Suicide is NO joke

The following was one of those headlines which left me shaking my head in bewilderment.

It read, “Hyundai pulls ad that plays suicide for laughs.”

No, you’re not reading that wrong.

It appears that the Korean automaker has apologized for an online advertisement that featured a man attempting to commit suicide by using the exhaust fumes from one of their SUVs.

The rather distasteful punch line? The SUV was powered by hydrogen and therefore emits only water vapors incapable of killing anyone. As you can imagine, many at the popular car company are all pointing fingers or playing dumb as to who initially signed off on the inappropriate messaging of this ad.

As my wife just said after telling her what I was writing about, “what a bunch of dopes”.

According to the Centers for Disease Control and Prevention, over 38,000 people killed themselves in 2010 – an average of about 105 people a day. Additionally some 487,000 visited the emergency room in 2011 after suffering self-inflicted injuries.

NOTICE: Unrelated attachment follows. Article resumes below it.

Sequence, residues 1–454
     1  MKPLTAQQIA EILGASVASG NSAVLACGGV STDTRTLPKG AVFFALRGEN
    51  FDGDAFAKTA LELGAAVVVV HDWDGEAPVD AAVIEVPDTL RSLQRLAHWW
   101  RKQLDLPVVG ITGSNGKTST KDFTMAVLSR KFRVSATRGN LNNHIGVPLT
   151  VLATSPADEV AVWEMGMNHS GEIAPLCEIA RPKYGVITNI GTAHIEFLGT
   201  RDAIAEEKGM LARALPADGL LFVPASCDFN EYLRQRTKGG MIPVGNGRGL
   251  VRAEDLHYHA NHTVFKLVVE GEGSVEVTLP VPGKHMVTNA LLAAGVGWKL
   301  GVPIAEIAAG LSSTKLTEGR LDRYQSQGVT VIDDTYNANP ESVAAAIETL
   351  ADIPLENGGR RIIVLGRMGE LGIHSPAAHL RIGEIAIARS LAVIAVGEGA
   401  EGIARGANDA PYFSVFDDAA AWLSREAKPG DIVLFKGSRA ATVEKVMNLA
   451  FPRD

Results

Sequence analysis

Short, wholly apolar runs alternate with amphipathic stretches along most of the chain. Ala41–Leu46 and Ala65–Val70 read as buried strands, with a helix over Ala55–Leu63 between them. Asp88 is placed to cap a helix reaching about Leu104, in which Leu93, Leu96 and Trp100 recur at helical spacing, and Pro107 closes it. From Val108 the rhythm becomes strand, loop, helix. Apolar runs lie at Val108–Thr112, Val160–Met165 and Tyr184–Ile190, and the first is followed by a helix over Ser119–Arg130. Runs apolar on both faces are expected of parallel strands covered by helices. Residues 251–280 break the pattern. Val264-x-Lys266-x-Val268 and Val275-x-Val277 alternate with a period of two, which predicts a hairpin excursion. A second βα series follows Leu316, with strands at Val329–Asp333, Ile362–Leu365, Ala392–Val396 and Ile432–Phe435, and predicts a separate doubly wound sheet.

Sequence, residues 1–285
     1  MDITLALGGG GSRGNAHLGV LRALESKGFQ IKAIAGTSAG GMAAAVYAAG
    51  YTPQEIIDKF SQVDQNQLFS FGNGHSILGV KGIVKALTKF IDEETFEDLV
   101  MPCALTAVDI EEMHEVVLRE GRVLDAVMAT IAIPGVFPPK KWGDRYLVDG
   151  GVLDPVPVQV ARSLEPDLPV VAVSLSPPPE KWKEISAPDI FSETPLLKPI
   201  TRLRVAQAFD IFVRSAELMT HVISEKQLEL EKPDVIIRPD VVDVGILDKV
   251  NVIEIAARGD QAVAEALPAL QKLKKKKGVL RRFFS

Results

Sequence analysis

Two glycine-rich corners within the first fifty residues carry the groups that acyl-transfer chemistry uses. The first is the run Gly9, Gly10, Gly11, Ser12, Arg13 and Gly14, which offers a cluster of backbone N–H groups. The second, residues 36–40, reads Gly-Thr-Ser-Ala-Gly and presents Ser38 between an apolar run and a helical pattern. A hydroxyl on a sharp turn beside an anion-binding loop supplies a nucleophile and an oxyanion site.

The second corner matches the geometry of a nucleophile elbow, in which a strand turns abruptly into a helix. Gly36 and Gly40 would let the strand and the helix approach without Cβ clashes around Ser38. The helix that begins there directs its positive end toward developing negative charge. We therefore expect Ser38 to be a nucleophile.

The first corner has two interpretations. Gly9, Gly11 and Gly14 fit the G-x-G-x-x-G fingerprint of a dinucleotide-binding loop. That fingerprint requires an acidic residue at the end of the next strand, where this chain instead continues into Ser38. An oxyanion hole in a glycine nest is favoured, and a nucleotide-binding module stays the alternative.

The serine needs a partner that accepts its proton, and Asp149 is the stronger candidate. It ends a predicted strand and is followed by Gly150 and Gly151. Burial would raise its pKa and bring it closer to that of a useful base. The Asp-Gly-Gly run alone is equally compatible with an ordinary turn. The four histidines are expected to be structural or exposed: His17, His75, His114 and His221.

This may come as a surprise to some, but there was a time in my early 20’s when I felt so lost and alone that the thought of suicide had entered my mind. To this day I’m not really sure what finally steered me away from such a violent act against myself, but I know what it feels like to think you simply have no other reason for living.

I have no doubt that many other people reading this might have felt the same at one point or another, but have been too ashamed to admit it to anyone for fear of being judged or even criticized.

Hyundai’s ad makes a joke of contemplating suicide – no doubt forcing those who struggle with this terrible burden to remain silent instead of reaching out for help. Causing them to feel embarrassment and shame all in the name of trying to sell cars to a generation which has lost all compassion in the name of tasteless humor.

And for those struggling with thoughts of suicide there are people out there to help. Find them, hold on to them, entrust them with your care. For as famed President Ronald Reagan once remarked, “We can’t help everyone, but everyone can help someone.”